Predictors of long-term aneurysmal change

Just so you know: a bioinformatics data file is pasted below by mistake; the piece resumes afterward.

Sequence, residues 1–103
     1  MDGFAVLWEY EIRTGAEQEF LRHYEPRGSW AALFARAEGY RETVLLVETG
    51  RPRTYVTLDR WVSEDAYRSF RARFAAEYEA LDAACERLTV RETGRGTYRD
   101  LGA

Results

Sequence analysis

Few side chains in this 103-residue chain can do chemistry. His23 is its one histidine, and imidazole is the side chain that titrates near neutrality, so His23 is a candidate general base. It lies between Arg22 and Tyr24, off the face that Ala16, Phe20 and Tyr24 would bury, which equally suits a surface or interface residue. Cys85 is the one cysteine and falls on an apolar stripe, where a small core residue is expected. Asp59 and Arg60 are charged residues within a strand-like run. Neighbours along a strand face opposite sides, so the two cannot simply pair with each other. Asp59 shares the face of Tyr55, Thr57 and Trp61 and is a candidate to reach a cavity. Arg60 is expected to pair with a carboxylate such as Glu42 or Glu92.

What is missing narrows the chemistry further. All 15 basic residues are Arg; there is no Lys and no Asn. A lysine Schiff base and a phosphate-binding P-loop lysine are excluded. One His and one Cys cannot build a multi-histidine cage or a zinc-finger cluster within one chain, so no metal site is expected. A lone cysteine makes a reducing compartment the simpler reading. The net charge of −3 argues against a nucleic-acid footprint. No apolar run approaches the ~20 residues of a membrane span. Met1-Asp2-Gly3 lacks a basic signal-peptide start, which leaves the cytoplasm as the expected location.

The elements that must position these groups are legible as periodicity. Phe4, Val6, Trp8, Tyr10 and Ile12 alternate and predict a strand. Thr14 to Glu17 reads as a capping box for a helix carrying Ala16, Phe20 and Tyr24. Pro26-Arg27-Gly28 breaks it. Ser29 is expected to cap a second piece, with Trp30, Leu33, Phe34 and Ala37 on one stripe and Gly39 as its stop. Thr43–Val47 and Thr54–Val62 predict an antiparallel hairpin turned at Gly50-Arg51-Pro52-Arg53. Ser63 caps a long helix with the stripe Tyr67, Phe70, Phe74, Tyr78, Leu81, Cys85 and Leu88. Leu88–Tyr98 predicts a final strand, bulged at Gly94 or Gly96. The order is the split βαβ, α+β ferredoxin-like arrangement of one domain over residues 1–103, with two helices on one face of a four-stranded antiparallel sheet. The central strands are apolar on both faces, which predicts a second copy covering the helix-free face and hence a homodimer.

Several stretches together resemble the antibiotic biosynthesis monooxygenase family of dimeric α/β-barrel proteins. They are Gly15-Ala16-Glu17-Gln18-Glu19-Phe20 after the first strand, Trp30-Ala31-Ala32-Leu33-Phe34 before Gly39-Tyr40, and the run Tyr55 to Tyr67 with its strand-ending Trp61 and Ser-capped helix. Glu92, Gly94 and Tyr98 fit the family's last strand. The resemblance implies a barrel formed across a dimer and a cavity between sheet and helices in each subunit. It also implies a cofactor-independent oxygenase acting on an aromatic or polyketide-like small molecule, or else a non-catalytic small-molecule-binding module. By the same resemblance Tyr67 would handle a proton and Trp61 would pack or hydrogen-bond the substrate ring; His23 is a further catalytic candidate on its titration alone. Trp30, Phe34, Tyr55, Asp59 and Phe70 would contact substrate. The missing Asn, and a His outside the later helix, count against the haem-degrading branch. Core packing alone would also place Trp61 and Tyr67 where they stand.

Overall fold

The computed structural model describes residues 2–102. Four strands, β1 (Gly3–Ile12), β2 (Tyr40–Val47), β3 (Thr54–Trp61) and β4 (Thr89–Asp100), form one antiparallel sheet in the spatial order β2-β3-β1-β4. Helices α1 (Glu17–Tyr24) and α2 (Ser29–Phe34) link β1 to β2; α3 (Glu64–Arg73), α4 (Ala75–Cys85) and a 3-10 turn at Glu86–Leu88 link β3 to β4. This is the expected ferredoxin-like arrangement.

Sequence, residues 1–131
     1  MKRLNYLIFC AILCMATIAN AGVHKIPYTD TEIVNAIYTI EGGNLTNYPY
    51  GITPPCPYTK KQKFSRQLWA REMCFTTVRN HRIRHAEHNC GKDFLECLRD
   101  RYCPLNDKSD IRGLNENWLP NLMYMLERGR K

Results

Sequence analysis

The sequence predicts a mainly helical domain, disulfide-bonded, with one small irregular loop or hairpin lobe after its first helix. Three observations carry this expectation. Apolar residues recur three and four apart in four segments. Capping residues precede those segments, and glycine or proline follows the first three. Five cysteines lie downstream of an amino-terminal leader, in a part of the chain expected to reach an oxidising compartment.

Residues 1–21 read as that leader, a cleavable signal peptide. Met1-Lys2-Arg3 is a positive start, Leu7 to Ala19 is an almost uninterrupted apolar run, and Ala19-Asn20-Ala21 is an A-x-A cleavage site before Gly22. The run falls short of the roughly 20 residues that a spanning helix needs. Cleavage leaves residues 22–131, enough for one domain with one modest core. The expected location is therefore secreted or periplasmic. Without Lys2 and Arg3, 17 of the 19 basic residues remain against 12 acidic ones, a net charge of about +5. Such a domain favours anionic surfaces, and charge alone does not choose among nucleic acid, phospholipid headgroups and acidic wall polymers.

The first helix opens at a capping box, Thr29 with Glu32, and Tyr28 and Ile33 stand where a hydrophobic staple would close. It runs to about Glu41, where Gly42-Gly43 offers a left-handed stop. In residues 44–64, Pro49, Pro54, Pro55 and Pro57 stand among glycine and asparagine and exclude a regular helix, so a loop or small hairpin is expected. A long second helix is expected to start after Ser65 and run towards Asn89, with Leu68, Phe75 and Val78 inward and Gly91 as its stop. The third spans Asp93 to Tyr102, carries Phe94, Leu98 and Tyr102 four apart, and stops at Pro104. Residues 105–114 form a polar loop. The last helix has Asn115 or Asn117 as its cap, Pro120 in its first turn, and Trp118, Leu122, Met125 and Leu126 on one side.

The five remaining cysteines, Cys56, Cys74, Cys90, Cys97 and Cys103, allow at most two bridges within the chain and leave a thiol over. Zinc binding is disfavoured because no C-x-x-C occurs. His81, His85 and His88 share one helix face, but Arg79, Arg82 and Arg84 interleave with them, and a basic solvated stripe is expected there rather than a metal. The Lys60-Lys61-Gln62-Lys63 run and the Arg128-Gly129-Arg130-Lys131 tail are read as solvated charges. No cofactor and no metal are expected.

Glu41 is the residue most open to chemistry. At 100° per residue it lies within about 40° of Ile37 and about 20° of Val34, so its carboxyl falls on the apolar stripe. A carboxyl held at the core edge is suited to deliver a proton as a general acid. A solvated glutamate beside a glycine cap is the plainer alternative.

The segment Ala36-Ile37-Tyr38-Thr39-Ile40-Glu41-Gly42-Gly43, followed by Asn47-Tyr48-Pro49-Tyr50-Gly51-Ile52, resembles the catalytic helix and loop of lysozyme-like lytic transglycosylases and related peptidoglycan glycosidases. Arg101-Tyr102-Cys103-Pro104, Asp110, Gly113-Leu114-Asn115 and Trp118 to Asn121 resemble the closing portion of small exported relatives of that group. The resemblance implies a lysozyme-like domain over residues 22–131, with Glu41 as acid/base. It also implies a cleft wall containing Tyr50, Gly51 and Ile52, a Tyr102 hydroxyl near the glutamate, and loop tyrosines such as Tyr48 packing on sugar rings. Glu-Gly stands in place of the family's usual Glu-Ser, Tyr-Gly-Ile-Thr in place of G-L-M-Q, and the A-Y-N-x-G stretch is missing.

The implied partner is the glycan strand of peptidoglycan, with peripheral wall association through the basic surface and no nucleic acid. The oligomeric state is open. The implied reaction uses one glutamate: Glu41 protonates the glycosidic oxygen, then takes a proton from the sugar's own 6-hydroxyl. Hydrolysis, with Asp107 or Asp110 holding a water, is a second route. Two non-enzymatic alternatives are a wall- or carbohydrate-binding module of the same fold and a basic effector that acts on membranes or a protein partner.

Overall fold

Of the 53 patients who underwent imaging follow-up for ≥24 months, the rates of aorta diameter enlargement at the UT, MT, LT, and AA levels were 3.43 ± 3.66 mm/year, 3.21 ± 2.70 mm/year, 2.62 ± 2.19 mm/year, and 1.93 ± 3.13 mm/year, respectively (p < 0.01). The rates of aorta dilation at the UT, MT, LT, and AA levels were 3.79 ± 4.14, 3.54 ± 2.87, 2.79 ± 2.66, and 2.55 ± 3.91 mm/year, respectively, in 27 type 1 AD patients (p = 0.22), and were 3.05 ± 3.12, 2.87 ± 2.53, 2.45 ± 1.61, and 1.28 ± 1.92 mm/year, respectively, in 26 type 3 AD patients (p < 0.005). The rates were not significantly different between the 2 AD types at any location. For type 1 AD patients, there was no significant difference in the rate of aorta dilation at any part of the aorta among the 3 different types of ascending aorta surgery. At the UT, the rate of aorta dilation significantly correlated with the initial false lumen diameter (r = 0.38, p < 0.005), but not with the initial aorta diameter (r = 0.05, p = 0.73). Of the 53 patients who underwent imaging follow-up for ≥24 months, 15 (28%) showed aneurysmal change. In those 15 patients showing late aneurysmal change, compared with the initial CT, the ratio of the false lumen diameter to aorta diameter significantly increased at the UT (0.63 ± 0.10 to 0.74 ± 0.09, p < 0.005) and MT (0.60 ± 0.13 to 0.72 ± 0.09, p < 0.01) according to follow-up CT, whereas the ratio did not significantly change at either the UT (0.52 ± 0.12 to 0.51 ± 0.28, p = 0.93) or MT (0.55 ± 0.12 to 0.54 ± 0.28, p = 0.95) in 38 patients without late aneurysmal change. Those 15 patients with late aneurysmal change tended to have higher proportion of Marfan syndrome and diabetes than the 38 patients without late aneurysmal change (Table 1).The 15 late aneurysmal change patients had significantly larger initial aorta diameters and false lumen diameters at the UT and MT, and larger initial false lumen diameters at the LT than the 38 patients without aneurysmal change. Multiple stepwise logistic regression analysis including these variables showed that Marfan syndrome (p < 0.05), a large initial false lumen diameter at the UT (odds ratio [OR] 1.50, 95% confidence interval [CI] 1.15 to 1.95, p < 0.005), and a large aorta diameter at the MT (OR 1.77, 95% CI 1.08 to 2.90, p < 0.05) were independent predictors for late aneurysmal change. The initial false lumen diameter at the UT showed a larger area under the curve on the receiver-operating characteristics curve for predicting late aneurysmal change (0.91, 95% CI 0.83 to 0.98) than the initial aorta diameter at the UT and the initial false lumen diameter and aorta diameter at the MT (Fig. 2).A ≥22-mm false lumen diameter at the UT on the initial CT predicted a late aneurysm with a sensitivity of 100% and a specificity of 76% (Figs. 2 and 3).⇓The best cutoff values in type 1 and type 3 AD patients were 22 mm and 21 mm, respectively. Of the 53 patients who underwent imaging follow-up for ≥24 months, the 24 patients with a ≥22-mm false lumen diameter at the UT on the initial CT showed significantly higher rates of aorta dilation at the UT (5.04 ± 4.32 mm/year vs. 2.16 ± 2.40 mm/year, p < 0.005) and MT (4.44 ± 2.64 mm/year vs. 2.16 ± 2.40 mm/year, p < 0.005) than the 29 patients with a <22-mm initial false lumen diameter at the UT (Fig. 4).In a total of 100 patients, 42 patients with a ≥22-mm initial false lumen diameter at the UT tended to have a higher mortality (17% vs. 5%, p = 0.09) and showed significantly higher incidence of aneurysmal change (42% vs. 5%, p < 0.001) than 58 patients with a <22-mm initial false lumen diameter at the UT. The former patients had a significant lower event-free survival rate than the latter patients by the log-rank test (p < 0.001) (Fig. 5).